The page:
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India LWE Risk List 2023


From being the most dangerous threat to national security in 2006, Left Wing Extremism has been contained over the past one and a half decade to around 30 districts which are impacted by violence while 70 require to be nurtured for elimination of influence of the Naxals or Maoists which fall under the overall rubric of Communist Party of India (Maoist) which is a banned organization under the UAPA.


Union Home Minister Mr Amit Shah declared that the country will be Naxalism free before the 2024 general elections. This appears to be an ambitious target. Nevertheless the Ministry of Home Affairs has a well defined plan to counter LWE which includes clearance of extremist affected areas in the tribal and forested belt of central India, hold and establish governance and development.


Apart from saturation operations, alternate models have been employed such as building trust with the local tribal and providing them means of livelihood which has been adopted in Chhattisgarh. Surrender and rehabilitation is another arm of the overall counter Naxal strategy.


Nevertheless security forces have launched intense operations in Chhattisgarh and Jharkhand in to achieve the objective outlined by the Home Minister and this campaign will be extended in the coming dry season at least till the monsoons in July.


Risk List 2023


Given this backdrop in 2023, the overall risk in the Naxal affected districts of Central India will remain under control, however elimination or rooting out is unlikely given the geographic spread, the current state of violence and “military,” capability of the so called People’s Liberation Guerrilla Army [PLGA]. The top leadership of the Communist Party of India (Maoists) is seen to be unable to lead from the front, however some middle level leaders such as Hidima in Chhattisgarh have emerged who continue to provide tactical direction to the cadres.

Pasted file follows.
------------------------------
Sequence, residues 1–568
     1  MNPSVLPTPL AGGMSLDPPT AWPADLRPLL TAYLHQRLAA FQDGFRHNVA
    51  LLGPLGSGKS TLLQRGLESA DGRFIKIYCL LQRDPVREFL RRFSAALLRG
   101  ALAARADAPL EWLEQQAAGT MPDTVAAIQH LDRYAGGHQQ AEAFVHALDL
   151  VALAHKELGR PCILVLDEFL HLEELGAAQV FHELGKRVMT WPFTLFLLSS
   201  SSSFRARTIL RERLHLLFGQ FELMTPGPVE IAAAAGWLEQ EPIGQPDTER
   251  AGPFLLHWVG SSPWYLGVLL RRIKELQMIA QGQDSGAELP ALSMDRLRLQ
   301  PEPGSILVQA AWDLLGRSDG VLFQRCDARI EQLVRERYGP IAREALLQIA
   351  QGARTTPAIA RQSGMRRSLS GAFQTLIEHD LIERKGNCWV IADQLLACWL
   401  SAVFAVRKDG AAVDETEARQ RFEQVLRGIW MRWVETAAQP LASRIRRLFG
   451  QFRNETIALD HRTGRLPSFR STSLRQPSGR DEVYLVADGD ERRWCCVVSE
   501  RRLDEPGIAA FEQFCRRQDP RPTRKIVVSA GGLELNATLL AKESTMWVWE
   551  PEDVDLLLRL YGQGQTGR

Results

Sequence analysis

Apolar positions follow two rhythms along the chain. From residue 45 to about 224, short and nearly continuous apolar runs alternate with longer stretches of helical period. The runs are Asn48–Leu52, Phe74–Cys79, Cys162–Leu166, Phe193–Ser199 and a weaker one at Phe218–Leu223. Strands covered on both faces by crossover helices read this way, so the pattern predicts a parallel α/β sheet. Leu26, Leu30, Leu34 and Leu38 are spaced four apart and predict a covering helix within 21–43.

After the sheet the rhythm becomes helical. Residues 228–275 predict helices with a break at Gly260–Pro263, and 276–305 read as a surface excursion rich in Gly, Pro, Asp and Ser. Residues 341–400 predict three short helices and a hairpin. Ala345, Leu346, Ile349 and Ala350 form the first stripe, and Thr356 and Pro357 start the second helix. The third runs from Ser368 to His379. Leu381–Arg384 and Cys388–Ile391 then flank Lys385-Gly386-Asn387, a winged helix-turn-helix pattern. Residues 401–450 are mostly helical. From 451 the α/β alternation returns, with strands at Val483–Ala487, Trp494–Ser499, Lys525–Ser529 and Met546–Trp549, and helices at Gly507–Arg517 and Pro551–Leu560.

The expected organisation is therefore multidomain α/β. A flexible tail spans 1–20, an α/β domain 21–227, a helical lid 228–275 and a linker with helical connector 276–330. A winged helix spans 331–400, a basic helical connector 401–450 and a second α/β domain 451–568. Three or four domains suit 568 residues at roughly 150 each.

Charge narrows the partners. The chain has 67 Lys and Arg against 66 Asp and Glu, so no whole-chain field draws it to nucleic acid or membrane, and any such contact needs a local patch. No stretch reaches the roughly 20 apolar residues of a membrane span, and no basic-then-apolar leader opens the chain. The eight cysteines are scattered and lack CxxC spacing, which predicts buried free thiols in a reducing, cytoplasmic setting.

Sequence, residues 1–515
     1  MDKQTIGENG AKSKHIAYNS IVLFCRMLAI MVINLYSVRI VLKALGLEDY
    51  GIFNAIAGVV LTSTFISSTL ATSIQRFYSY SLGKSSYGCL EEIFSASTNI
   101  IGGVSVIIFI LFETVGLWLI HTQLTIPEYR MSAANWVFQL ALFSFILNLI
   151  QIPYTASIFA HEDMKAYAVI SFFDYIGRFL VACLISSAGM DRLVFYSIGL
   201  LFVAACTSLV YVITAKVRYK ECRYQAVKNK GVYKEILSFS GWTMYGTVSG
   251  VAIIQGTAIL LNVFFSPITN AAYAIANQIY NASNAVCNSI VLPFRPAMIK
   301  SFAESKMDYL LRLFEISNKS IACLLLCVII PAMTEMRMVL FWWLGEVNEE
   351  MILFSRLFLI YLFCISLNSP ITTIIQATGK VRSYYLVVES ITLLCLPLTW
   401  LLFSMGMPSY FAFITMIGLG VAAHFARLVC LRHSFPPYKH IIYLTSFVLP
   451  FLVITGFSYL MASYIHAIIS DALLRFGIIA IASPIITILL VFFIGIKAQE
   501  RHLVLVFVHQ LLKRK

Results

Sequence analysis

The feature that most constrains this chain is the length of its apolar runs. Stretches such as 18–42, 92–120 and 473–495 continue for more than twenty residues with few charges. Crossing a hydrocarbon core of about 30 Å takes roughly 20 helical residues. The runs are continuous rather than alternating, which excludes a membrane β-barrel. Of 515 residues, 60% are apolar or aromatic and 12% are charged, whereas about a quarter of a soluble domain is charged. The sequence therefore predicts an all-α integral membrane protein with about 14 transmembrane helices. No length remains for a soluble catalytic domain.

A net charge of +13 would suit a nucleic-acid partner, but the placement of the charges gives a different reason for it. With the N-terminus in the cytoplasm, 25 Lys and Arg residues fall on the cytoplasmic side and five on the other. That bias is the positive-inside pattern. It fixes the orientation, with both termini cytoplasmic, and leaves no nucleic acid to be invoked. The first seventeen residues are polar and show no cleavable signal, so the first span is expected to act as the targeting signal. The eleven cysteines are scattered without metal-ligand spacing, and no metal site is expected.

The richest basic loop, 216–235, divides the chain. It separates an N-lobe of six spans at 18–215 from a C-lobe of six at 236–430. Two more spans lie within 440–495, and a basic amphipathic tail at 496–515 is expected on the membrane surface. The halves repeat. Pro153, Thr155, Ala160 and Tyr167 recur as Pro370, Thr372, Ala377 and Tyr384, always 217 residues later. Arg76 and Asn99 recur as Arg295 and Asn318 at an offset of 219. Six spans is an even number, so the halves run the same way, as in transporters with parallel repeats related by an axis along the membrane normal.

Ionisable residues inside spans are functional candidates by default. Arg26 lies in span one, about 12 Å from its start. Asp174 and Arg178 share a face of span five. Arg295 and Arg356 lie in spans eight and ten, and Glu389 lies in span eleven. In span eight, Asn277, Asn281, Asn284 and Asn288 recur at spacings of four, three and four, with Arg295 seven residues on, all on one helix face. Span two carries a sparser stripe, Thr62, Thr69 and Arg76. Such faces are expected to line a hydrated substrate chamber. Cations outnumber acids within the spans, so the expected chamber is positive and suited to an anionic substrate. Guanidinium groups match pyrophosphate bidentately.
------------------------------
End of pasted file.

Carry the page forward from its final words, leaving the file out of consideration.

While the Naxal influence and violence has declined in security dominant areas, they have attempted to expand in others such as Madhya Pradesh while have sporadic presence in the triangular forested belt in the south Tami Nadu-Kerala and Karnataka which the state police has been able to contain.


The Maoists are expected to employ the IED as the most preferred tool while they retain the capability of assaults with a recent incident in Chhattisgarh where they have reported to have fired at helicopters landing troops in a jungle zone.


The critical districts in Central India which could be impacted state wise based on the level of violence and activity in 2023 and prior are as given below-


  • Andhra Pradesh- Visakhapatnam or Vizag Agency

  • Bihar - Aurangabad, Gaya, Jamui, Kaimur, Lakhisarai

  • Chhattisgarh - Bastar, Bijapur, Dantewada, Dhamtari, Gariyaband, Kanker, Kondagaon, Narayanpur, Sukma

  • Jharkhand - East Singhbhum, Garhwa, Giridih, Gumla, Khunti, Latehar, Lohardaga, Palamu, Saraikela-Kharaswan, West Singhbhum.

  • Madhya Pradesh- Balaghat, Mandla, Dindori.

  • Maharashtra- Gadchiroli, Gondia.

  • Odisha - Bargarh, Koraput, Malkangiri, Nuapada, Rayagada.

  • Telangana - Bhadradri-Kothagudem, Jayashankar-Bhupalpally


In many of these States criminal terrorism will prevail using extortion as a potent tool for targeting civilian contractors and mining establishments operating therein. In Bihar and Jharkhand this is expected to be a major concern where railway infrastructure would also be targeted.


As state elections are due in Chhattisgarh this year some attempts to disrupt the same can

be anticipated as well as in the Northern districts of Telangana.


On the whole, the situation will remain under control while an attempt to trigger a major incident by the Naxals to sustain their relevance in the overall landscape should remain a concern.

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